Sep 19 2007
07:39 am

In fundamentalist Muslim countries they cane people for disobedience, but only after some semblence of a trial.

Here in America, we don't use canes...We use Tasers...and there's no trial just Cops.

So tell us...When that

So tell us...When that officer is walking up to your car in Roane County...Do you feel safe?

Doggone right I do.

Was this intended as a leading question to the jury to induce fear into them (the public) about cops in Roane County?

Did you see the tape of the incident?

I'm sure I haven't seen it all, but the clip I saw showed that the individual "got physical" with the officers before he got shocked.


Please don't make assumptions or accusations, RB

It was a question I have been asked so I passed it on.

I did see a tape of the incident, and there was nothing physical that I saw deserving of tasering. I've seen far worse behavior at City Council meetings among elected officials, frankly.

This is a sad incident that further blackens the eye of enforcement personel. It could have been handled in several different ways that would have not made the officers look bad. America distrusts its officers in many cases and this is a bad thing, moreover, it doesn't have to be that way.

Oh, I agree the whole thing was sad....

And if you'll read what I wrote again, you'll see that I neither made an assumption or an accusation: I started WITH A QUESTION. I asked a question because I wanted to know - wanted to know how to interpret the question to which I was referring. That's all.

I did see a tape - and before the taser was applied, the student was struggling and kicking and screaming at the officers as they attempted to remove him from proximity to the speaker. Indeed it it could have been handled several different ways:

1) The officers could have not become involved and allowed him to continue his rant in what appeared (from the camera angle I say) to be quite close to the speaker.
2) The officers could have reacted as they did when he began resisting them and kicking/flailing at them and used the less than lethal force they're trained to use.
3) They could have beat him like Rodney King or worse.
4) The man could have acted as if he were a gentleman. Having a question go unanswered is not often a legitimate cause for acting up. He made a choice.

He had the right to make the choice in his behavior that he made. I'm sure more camera angles will be looked at in determining what was appropriate or what would have been appropriate.

But again - I made no assumptions or presumptions - I asked the question. Had I heard the question in court, I would have wanted to know the intention, which was what I asked for, because without intention being clarified, it could be interpreted as a leading question.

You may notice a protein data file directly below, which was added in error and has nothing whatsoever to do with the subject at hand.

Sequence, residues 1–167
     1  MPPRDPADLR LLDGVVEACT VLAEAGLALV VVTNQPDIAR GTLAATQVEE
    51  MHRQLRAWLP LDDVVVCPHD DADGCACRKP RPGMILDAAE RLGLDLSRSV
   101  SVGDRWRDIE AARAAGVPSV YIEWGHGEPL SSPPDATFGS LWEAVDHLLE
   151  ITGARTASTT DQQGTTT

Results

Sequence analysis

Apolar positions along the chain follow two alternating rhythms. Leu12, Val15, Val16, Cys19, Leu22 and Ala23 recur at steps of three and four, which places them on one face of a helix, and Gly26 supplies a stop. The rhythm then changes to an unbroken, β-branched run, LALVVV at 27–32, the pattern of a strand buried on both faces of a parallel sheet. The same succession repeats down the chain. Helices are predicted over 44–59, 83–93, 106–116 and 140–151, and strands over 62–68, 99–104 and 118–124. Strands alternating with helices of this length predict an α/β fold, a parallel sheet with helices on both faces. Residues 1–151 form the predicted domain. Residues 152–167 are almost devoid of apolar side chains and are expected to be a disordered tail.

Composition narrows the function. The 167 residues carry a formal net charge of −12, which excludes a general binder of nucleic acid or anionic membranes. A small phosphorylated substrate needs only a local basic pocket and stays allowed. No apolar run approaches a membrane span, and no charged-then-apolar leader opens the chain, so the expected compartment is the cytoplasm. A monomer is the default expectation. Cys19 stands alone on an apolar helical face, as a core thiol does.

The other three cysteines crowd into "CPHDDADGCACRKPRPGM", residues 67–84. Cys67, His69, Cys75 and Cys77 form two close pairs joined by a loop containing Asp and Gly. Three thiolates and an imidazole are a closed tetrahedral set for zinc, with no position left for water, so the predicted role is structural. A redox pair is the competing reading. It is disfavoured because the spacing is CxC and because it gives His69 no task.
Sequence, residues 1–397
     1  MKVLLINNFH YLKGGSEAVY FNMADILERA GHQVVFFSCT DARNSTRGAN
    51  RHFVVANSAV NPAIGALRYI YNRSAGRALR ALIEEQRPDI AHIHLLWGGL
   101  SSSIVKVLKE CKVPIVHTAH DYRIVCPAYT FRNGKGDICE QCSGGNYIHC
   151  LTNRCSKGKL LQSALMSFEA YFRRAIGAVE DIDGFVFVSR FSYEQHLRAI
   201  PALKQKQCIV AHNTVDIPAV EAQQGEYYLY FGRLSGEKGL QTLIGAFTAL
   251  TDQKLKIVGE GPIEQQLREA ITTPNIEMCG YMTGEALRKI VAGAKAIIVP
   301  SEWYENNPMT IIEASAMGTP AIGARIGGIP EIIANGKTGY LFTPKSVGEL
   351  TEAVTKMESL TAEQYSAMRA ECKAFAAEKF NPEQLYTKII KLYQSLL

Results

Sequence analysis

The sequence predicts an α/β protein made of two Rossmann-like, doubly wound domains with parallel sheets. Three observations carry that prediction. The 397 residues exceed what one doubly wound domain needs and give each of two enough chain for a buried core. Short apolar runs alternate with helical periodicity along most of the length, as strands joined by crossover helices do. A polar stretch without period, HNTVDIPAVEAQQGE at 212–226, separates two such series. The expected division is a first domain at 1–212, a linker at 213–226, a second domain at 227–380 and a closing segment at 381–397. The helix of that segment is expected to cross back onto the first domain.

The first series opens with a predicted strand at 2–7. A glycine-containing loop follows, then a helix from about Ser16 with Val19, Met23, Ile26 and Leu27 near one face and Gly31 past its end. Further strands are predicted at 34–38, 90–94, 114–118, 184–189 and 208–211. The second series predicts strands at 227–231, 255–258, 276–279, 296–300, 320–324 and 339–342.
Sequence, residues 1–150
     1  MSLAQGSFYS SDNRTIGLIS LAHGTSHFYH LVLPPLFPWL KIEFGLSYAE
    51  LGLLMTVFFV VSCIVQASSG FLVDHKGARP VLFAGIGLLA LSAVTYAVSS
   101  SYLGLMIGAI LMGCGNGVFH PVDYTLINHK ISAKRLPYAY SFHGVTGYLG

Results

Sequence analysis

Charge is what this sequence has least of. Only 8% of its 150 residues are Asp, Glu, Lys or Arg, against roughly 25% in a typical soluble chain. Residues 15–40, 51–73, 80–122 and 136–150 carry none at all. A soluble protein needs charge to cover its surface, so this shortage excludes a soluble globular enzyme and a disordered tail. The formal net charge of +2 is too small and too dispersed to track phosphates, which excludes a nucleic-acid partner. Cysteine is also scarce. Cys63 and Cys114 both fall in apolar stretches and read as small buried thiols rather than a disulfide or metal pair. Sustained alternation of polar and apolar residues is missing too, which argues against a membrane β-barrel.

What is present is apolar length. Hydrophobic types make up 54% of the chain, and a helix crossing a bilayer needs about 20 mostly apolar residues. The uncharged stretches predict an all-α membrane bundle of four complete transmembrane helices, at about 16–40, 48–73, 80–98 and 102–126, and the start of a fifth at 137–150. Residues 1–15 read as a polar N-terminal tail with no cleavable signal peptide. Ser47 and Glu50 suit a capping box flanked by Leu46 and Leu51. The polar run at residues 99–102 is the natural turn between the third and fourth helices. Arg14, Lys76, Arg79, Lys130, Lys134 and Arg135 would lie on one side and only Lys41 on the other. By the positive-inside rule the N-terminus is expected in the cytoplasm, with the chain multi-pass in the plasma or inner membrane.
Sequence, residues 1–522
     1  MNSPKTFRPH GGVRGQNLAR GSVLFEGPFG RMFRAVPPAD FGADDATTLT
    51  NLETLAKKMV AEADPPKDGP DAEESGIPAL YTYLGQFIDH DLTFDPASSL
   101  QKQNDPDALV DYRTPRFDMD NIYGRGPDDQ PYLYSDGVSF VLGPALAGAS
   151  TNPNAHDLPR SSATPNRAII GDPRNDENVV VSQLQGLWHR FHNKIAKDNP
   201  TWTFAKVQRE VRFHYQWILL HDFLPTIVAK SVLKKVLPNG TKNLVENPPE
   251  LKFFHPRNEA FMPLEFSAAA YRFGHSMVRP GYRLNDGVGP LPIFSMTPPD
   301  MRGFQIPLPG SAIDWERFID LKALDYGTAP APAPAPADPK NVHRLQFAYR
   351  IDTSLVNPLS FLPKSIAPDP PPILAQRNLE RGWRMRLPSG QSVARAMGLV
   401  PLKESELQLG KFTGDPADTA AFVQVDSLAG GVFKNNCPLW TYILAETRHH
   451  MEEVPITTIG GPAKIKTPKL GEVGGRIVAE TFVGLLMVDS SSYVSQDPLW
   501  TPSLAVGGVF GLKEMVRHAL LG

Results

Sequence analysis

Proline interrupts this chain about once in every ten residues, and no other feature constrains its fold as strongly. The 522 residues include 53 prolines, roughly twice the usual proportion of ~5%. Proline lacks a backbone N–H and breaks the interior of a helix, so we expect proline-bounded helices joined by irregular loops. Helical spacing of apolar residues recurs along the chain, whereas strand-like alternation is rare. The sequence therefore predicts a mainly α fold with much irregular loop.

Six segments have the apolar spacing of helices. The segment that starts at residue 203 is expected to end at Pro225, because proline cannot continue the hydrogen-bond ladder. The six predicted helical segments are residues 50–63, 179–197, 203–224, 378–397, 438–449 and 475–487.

The guy's crime appears to

The guy's crime appears to be one of asking a question that went beyond his allotted minute. Did you see a tape from the start of his question? Sounds like the one you saw was the edited one that started after he was being put down by the officers.

At any rate, tasers have taken the place of sticks. There was no need for him to have been shocked.

I agree that he could have been meek and docile, not asked a fairly important question that several of us would still like to hear the answer to.

view from the right

Here's what a former member of the Reagan administration and contributing editor of the National Review had to say about the incident:

-- OneTahiti

The tape I saw did not show the entire context...

And that makes it hard to make an accurate judgment on the entire episode. The tape I saw showed the kicking and flailing at the officers that directly resulted in the taser use. It did not show all that led up to it in context. That's a shortcoming of the tape... and of the cut and paste method of "journalism" in general.

Tasers are a better tool, generally, than sticks, and less likely to cause unintended results, permanent physical injury, or death than sticks are. Perfect? No. But a useful addition to the options tat are less-than-lethal? Yes.

Asking a relevant or irrelevant question, or one that pissed off the one being asked, or whatever is a different issue than his decision to be physical against the officers or their decision to use a taser. They are related issues, but not the same issue.

At the bottom line it seems there were opportunities ALL AROUND for the entire situation to have been handled differently and/or to have had a different outcome.


It's obvious...

It's becoming more and more obvious that these so called "free speech zone", which once covered every inch of America, have now shrunk to very small areas which now have time limits, too.

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